My Secret To Proving The Mental Health Stigma Is Totally Bonkers

My secret to proving the mental health stigma is TOTALLY bonkers. Read more on

Last month I talked about what stigma means, how it surrounds the topic of mental health, and what we can do to eliminate it.  READ THE FULL POST HERE » 

Today I’m diving in a little deeper to why I care so much about this topic. Are you ready?!

Growing up I was always a bit of a tomboy. I was interested in obscure things and would much rather ride an ATV around my backyard as opposed to hanging out with the other little girls who lived in my neighborhood. What no one (including myself) knew, was that I preferred the isolation that came with ‘boy related things’. Shooting a basketball around seems perfectly normal to do by yourself, painting your nails and curling your hair alone seems a little pathetic.

I knew that I couldn’t make friends because of the anxiety consuming me from the inside. I wasn’t sure what anxiety was or why I felt the way I did, but I did know that I had to adjust my interests to be able to function properly.

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Anxiety has been affecting me for my entire life. The isolation I put upon myself was a coping mechanism to an illness that I didn’t know I had. My negative ways of coping had brought my underlying depression to the surface.

Although I wasn’t officially diagnosed with generalized anxiety disorder and major depression until my eating disorder developed in 2012, I had been living with these mental illnesses for as long as I can remember.

If mental illness is truly what the stigma makes society perceives it as, then shouldn’t we be locking up children who isolate themselves because of their anxiety and depression?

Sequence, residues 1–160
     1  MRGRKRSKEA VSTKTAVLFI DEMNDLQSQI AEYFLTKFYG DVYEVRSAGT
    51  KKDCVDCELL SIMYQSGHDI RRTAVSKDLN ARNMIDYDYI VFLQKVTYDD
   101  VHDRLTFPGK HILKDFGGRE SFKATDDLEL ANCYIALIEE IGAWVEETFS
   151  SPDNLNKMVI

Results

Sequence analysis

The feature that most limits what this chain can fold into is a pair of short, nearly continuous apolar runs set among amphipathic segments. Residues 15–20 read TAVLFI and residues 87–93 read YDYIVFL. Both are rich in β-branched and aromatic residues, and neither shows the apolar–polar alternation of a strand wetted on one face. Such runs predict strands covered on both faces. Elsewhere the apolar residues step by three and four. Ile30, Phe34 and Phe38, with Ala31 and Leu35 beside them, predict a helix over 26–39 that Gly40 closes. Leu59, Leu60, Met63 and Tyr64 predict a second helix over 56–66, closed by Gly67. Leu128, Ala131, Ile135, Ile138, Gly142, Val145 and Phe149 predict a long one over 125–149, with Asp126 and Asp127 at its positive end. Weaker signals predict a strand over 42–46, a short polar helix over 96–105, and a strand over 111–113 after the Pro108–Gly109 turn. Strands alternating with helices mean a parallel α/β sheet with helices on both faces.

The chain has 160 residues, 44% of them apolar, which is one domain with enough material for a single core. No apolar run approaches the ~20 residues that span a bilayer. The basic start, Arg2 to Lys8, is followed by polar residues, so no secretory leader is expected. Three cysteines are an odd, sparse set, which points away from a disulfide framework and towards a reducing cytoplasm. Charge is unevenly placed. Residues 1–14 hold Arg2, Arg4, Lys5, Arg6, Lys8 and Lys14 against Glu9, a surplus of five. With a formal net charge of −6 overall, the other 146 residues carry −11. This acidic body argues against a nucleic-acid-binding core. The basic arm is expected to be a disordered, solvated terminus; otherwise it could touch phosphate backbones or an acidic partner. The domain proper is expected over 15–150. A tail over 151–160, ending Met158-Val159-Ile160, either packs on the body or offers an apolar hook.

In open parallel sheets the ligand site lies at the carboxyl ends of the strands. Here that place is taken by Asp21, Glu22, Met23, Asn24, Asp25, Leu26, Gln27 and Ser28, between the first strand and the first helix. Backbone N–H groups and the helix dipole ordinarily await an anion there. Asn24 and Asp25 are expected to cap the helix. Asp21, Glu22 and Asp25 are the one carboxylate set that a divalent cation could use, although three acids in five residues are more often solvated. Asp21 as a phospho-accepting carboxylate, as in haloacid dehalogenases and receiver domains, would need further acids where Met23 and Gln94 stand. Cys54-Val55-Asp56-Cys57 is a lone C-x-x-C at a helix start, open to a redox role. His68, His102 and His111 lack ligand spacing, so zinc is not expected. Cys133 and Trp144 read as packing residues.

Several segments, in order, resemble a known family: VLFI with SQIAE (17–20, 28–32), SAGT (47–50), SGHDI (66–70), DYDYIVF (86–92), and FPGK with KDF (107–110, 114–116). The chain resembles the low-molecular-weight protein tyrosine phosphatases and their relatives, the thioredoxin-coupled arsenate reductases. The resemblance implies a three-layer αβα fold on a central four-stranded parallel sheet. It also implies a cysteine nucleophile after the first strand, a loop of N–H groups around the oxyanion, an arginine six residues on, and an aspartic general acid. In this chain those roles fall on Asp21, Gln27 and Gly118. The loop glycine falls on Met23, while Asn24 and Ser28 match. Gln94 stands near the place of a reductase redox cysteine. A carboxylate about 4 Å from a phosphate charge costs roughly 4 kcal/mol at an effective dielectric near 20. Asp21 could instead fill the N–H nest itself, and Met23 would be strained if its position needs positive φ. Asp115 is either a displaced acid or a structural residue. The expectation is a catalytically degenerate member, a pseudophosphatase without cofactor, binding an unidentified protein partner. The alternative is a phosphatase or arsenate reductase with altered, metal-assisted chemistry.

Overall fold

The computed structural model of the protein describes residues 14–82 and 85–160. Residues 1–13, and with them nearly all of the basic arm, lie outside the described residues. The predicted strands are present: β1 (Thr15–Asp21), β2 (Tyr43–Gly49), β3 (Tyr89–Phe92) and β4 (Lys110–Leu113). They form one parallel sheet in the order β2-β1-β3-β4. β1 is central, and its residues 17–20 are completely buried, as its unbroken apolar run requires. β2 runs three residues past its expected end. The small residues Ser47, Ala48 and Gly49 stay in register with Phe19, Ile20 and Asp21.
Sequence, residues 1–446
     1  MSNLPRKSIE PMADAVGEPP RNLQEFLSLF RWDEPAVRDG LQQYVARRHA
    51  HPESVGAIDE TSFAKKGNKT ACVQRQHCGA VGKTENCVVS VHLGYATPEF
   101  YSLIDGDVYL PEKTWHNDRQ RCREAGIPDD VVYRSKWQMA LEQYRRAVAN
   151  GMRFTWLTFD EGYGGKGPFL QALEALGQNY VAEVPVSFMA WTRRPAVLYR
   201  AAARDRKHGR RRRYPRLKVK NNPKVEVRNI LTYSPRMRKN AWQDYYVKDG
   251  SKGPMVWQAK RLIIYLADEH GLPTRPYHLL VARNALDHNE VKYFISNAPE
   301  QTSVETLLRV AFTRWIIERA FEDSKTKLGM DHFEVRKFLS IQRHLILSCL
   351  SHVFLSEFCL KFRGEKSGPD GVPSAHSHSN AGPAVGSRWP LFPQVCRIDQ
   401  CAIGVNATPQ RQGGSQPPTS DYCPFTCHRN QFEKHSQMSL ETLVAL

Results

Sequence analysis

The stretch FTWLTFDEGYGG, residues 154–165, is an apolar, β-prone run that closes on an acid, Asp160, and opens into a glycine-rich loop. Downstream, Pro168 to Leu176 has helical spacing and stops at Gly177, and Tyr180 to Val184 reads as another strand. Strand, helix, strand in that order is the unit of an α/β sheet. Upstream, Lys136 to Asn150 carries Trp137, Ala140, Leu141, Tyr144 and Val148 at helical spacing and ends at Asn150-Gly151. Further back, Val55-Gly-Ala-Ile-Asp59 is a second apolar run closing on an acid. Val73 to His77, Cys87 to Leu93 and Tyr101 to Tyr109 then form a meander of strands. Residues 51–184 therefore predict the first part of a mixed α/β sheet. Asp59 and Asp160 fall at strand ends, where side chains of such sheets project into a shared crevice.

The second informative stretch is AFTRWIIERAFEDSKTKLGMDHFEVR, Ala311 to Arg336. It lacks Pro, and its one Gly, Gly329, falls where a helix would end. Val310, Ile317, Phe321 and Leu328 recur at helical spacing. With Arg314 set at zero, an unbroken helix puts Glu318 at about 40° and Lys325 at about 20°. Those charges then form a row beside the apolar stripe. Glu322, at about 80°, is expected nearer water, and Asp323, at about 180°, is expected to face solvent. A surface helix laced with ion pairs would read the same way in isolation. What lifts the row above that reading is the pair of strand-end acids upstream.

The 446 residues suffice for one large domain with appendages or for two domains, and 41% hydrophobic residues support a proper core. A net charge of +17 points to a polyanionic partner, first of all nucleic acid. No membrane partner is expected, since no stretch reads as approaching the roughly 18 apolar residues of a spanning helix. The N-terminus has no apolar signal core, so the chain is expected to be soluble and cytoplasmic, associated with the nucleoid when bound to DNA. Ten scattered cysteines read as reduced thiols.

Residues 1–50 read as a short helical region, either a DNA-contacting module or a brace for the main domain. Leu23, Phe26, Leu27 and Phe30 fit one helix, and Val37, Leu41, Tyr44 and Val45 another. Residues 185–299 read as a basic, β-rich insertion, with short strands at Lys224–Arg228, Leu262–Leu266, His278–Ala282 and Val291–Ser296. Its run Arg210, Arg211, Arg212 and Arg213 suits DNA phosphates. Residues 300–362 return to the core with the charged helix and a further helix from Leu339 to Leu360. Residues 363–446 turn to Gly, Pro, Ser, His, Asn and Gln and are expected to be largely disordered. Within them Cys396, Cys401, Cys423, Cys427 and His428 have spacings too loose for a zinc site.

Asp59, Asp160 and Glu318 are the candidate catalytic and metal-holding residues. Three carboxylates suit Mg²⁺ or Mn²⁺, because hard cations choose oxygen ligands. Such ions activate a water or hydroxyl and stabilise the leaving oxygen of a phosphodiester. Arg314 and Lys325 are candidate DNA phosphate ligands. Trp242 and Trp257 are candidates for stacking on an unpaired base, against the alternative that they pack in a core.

That sounds completely bonkers….BECAUSE IT IS.

Having a mental illness does not make that person dangerous. If anyone is at danger it would be themselves due to the high suicide rate correlating with depression.

Claiming that every school shooting and unexplainable crime is committed by someone BECAUSE they have a mental illness is FALSE. Yes, a person who has a mental illness may commit a crime but that’s not WHY they committed the crime.

Society as a whole needs to look deeper into these situations as opposed to claiming that the imaginary voices in someone’s head forced them to do horrible acts.

I myself have at least three friends who admit to having visual and auditory hallucinations. I’m sure there are more people in my life that do too, but they are self-stigmatizing themselves because they don’t want to be seen the way society will perceive them.

My friends are manic, depressive, and everything in between. However, even during their worst psychotic breaks, they wouldn’t harm a fly.

Enter your information in the fields provided to enroll in my free 4-day mental health advocacy email course, Turning Wisdom Into Words!

If you have a mental illness, you need to speak up.

The only way we can eliminate this whack perception of who we are is if we give society something REAL to talk about.

Ending the mental health stigma starts with you.

If you're not sure where to begin, START HERE.